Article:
ASK the average person in the street for their opinions on the NHS and I would put decent money on the following comments being made (in no particular order):
It can always be relied upon when it comes to a real emergency.
The waiting time to see specialists is shorter than it once was.
There seem to be an awful lot of non-front line staff in certain departments wandering around with pieces of paper, chatting to each other.
The cost of hospital car parks is extortionate.
These are the sort of things we (as what the corporate jargoneers love to call ‘front-end users’) actually experience.
We suspect there may well be hidden battalions of paper-pushers at most hospitals and primary care trusts, but as we never see them when we are having our bones mended or lumps probed, we don’t give them much thought.
Unfortunately, politicians never see the NHS as we do. They regard it as a permanent battlefield, where vast armies are deployed and endless strategies played out.
When one conflict is over, they knock it all down and start again irrespective of cost – both financial and to the social wellbeing of the country.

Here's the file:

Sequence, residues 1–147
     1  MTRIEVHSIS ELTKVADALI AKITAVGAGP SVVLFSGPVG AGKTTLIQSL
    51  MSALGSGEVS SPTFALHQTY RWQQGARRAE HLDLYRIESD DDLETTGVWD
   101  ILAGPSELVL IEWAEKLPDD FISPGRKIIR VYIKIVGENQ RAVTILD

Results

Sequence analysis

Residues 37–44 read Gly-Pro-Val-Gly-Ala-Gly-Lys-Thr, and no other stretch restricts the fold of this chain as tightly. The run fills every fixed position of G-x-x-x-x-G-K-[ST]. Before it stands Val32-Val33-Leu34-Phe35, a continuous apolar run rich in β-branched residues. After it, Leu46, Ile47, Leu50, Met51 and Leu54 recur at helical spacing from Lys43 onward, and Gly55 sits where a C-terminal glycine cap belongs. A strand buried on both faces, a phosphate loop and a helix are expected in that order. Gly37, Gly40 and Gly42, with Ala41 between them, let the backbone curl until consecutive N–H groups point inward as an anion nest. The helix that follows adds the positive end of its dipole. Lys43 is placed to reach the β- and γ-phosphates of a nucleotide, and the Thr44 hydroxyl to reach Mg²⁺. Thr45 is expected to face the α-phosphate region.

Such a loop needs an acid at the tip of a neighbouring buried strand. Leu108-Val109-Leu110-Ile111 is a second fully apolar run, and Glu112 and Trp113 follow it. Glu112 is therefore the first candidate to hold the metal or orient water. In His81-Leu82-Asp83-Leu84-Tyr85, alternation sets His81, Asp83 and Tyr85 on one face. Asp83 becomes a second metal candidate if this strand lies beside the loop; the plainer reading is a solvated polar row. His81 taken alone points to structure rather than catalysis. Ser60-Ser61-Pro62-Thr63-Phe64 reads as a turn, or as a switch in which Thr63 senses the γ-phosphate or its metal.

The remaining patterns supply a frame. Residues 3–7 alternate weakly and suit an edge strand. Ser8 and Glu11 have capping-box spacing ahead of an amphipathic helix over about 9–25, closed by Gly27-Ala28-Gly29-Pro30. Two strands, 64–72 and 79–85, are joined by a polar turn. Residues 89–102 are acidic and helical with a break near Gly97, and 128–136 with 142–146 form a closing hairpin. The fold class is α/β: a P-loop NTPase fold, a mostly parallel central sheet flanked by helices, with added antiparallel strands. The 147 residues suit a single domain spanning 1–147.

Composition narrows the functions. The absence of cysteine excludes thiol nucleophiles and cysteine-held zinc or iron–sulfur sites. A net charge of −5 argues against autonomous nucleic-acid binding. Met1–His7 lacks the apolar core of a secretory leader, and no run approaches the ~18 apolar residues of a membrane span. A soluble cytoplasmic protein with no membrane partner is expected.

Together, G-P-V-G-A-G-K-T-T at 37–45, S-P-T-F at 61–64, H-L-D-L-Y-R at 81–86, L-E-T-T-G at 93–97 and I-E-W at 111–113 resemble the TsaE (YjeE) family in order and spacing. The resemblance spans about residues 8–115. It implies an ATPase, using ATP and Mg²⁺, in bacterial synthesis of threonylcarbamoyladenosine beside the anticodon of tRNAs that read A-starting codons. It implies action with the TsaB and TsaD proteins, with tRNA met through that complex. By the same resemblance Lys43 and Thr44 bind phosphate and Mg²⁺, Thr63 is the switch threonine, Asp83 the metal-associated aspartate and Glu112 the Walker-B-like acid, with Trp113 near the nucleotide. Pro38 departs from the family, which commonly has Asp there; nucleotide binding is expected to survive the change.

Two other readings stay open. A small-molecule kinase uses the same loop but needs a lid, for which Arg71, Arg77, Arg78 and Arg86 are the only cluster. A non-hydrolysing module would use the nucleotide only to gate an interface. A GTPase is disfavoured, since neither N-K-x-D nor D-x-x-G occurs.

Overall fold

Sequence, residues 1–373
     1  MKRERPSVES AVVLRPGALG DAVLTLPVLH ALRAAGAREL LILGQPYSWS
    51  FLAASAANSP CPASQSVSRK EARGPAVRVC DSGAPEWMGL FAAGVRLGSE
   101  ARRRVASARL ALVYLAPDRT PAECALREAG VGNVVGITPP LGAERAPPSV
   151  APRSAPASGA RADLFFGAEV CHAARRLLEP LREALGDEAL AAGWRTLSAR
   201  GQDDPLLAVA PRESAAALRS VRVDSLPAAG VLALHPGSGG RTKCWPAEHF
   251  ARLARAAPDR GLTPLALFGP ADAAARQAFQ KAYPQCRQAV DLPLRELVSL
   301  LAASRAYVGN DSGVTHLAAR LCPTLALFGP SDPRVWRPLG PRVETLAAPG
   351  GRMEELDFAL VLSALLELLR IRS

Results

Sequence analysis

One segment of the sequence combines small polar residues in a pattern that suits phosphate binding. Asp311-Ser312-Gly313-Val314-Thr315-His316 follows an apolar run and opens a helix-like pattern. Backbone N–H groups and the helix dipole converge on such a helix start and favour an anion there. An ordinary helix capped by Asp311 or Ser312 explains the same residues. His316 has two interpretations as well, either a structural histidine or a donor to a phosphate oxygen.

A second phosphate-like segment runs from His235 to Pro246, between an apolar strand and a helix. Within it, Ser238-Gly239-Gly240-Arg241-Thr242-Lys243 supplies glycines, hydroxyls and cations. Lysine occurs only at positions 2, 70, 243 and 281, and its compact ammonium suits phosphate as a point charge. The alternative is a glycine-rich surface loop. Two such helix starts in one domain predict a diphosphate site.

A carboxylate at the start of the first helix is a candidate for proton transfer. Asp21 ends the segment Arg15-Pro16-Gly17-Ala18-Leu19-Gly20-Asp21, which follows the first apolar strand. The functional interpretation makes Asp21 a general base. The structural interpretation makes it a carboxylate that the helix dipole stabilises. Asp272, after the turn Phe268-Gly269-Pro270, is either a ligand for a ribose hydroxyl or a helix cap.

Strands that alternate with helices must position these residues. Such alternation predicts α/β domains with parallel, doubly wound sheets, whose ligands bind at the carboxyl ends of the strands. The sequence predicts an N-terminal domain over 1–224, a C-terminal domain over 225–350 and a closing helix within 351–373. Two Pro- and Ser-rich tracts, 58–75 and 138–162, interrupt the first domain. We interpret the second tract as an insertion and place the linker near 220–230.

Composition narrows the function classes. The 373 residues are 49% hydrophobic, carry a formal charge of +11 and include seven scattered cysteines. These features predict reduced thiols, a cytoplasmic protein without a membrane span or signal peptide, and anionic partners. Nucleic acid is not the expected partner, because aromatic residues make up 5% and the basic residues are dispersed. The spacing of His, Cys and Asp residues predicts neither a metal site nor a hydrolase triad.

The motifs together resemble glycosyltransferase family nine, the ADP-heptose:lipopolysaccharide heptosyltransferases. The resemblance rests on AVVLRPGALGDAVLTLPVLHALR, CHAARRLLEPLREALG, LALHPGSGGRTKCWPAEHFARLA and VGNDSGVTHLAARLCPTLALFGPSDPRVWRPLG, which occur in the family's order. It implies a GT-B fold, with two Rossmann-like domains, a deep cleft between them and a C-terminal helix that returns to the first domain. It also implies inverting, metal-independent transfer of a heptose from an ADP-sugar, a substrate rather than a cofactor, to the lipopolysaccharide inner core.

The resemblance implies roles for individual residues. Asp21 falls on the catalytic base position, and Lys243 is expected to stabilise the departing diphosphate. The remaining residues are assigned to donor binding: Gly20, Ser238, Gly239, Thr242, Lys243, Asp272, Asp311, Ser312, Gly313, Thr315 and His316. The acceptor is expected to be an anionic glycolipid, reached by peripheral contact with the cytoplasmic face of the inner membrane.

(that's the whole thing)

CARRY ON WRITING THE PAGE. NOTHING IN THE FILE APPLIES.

The generals on both sides pledge their love and admiration for the NHS. Then they immediately set about blasting it with a bombardment of principle, policies and good, old-fashioned prejudice.
Meanwhile, those who survive the collateral damage are left to pick among the ruins hoping there is something left worth saving.
It is the Alliance’s turn at the moment and there is no doubting the sincerity of David Cameron’s regard for the NHS after the way in which it cared for his severely-disabled son.
It was this as much as anything which convinced voters to trust the Conservative leader – but he is being ambushed from within.
Health Secretary, Andrew Lansley, wants to preside over yet another massive upheaval in the structure of the NHS despite Cameron’s assurances to the contrary.
The Lib Dems abhor these plans and (together with the medical professions) are plotting to dilute them at best and scrap them at worst.
Meanwhile, Cameron is preoccupied with damping down fires which continue to smoulder and flare.
It’s going to be an interesting few weeks.
IT’S ODD how outstanding talent is squandered in the world of entertainment, while less obviously gifted individuals prosper.
I can’t think of a more accomplished or amusing radio broadcaster than Danny Baker in the past 30 years – with the possible exception of Terry Wogan.
He has an edgy wit, a deft turn of phrase and a motor-mouth articulacy which draws everything together. It’s an impressive package.
He also has a reputation for unfettered thinking, which may explain why he has only ever been used sparingly by the BBC and commercial stations.
But now he has recovered from a cancer scare, let’s hope some producer somewhere has the sense to give him the sort of opportunities his flair and inventiveness warrant.